Malmö, Sweden – 19 September 2018
Addressing corruption is timely and urgent. According to the World Bank, “businesses and individuals pay an estimated $1.5 trillion in bribes each year. This is about 2% of global GDP—and 10 times the value of overseas development assistance.” Researchers, officials from government and intergovernmental organisations, and non-governmental organisations are now called upon to contribute their research perspectives to the Special Issue.
The United Nations Convention against Corruption, which entered into force on 14 December 2005, imposes legal obligations for preventing and fighting corruption. Furthermore, the Convention seeks to promote integrity, accountability and proper management of public affairs and public property. The Convention has 185 Parties. On the occasion of the 15th anniversary of adoption of the Convention, the United Nations Secretary-General, Mr António Guterres, stated that “corruption affects developed and developing countries alike, and complicity knows no borders.” He appealed for all to do more to fight this scourge.
“To substantially reduce corruption and bribery in all their forms” is one of the targets of Sustainable Development Goal 16, which calls for promoting just, peaceful and inclusive societies. Recognizing the importance of the fight against corruption, the International Maritime Organization (IMO) and the World maritime University (WMU) have made important steps towards the achievement of UN SDG 16.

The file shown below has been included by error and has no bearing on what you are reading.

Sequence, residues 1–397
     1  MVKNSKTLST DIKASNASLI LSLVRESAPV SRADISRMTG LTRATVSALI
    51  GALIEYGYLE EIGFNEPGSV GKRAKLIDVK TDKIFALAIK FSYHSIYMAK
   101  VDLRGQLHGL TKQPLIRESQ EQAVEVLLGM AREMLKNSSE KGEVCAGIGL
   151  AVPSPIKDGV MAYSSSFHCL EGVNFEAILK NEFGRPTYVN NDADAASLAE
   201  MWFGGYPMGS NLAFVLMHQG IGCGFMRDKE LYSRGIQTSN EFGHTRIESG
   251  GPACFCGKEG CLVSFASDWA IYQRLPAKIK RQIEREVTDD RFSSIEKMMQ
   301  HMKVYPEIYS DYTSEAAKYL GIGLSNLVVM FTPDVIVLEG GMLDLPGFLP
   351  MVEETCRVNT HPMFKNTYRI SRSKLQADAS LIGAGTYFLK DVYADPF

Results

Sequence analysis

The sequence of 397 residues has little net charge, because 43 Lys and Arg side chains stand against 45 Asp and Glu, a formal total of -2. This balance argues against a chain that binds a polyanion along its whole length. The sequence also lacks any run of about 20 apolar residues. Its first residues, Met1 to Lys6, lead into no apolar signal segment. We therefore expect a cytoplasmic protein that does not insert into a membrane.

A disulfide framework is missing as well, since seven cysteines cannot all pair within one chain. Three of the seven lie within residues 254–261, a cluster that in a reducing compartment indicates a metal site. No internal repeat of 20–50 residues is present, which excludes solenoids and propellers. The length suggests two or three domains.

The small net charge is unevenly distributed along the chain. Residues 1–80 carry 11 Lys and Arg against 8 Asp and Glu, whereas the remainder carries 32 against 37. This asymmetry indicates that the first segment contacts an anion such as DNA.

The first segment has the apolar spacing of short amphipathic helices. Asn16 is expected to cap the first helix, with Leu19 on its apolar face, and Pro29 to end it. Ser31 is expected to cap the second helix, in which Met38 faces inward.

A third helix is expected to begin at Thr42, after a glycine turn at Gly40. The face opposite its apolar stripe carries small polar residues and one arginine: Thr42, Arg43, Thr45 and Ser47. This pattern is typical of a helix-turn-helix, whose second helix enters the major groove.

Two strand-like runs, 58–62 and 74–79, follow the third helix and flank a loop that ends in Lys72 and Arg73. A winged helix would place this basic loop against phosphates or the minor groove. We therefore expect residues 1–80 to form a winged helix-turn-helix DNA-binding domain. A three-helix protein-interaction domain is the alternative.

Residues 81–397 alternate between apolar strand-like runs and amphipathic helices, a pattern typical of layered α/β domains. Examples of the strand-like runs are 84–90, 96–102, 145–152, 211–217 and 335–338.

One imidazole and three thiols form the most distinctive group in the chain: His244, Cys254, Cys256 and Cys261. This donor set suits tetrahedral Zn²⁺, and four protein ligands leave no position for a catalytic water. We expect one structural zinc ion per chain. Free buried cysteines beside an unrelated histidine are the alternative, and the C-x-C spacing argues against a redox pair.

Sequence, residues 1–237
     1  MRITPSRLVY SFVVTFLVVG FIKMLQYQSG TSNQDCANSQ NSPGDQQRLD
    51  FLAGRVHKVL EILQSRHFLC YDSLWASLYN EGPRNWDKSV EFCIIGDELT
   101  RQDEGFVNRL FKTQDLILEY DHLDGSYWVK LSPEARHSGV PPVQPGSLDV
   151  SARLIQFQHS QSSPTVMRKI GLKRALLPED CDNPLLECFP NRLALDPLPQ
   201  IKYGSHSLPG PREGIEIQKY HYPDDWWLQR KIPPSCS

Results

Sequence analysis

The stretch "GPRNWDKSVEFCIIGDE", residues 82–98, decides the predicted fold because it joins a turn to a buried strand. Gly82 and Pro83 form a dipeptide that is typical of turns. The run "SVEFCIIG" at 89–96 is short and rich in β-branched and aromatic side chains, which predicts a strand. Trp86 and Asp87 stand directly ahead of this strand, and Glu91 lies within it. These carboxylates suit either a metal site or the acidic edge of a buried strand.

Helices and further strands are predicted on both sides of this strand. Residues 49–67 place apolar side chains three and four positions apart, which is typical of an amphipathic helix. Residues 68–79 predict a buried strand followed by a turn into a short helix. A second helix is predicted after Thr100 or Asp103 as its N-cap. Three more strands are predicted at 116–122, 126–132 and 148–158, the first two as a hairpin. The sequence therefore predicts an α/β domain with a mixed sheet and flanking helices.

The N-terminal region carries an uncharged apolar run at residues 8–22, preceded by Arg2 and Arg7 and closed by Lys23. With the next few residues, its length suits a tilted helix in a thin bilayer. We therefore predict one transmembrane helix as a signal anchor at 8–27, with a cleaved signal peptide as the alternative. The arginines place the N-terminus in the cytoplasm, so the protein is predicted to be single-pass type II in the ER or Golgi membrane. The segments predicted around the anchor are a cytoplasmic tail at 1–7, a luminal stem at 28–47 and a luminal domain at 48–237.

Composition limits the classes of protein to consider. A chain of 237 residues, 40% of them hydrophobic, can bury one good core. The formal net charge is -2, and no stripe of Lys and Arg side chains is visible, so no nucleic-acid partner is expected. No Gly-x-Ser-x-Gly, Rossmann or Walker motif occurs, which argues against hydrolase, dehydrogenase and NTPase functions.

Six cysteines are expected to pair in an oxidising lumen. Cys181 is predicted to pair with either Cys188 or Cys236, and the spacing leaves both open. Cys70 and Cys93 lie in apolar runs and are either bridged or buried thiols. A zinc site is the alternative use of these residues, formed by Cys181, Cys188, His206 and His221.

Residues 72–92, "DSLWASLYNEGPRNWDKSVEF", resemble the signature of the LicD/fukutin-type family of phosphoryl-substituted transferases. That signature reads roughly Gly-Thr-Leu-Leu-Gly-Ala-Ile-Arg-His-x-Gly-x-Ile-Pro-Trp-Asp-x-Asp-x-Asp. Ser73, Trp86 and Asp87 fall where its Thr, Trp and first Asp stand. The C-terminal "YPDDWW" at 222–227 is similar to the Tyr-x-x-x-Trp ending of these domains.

At the IMO’s 42nd meeting of its Facilitation Committee, held from 5-8 June 2018, discussion arose on the need to tackle corruption in the maritime sector. Recognising that corruption has detrimental effects on the efficiency and reputation of the maritime industry, it was decided to request the IMO Secretariat to provide its advice on the possible way forward to address this problem. The Committee also invited IMO member States and international organizations to submit documents to the 43rd session, to be held in 2019, with suggested actions to address this problem.
WMU is committed to the UN Sustainable Development Goals and has addressed the issue of corruption in the maritime industry through teaching, research and industry engagement. As a cross-sectoral issue, corruption has been addressed in a wide array of WMU publications, most recently in the context of Corporate Social Responsibility in the Maritime Industry.
Wide dissemination of the JoMA Call for Papers for the Special Issue is appreciated, and contributions are actively encouraged from within and outside academia. It is expected that this Special Issue will shed more light on the problem of corruption and what can be done by individuals, or in a more concerted approach, to mitigate it. The deadline for full paper submissions is 15 February 2019.
The World Maritime University (WMU) in Malmö, Sweden is a postgraduate maritime university founded in 1983 by the International Maritime Organization (IMO), a specialized agency of the United Nations. The mission of WMU is to be the world centre of excellence in postgraduate maritime and oceans education, professional training and research, while building global capacity and promoting sustainable development. WMU is an organization by and for the international maritime community and is committed to the United Nations Sustainable Development Goals Agenda.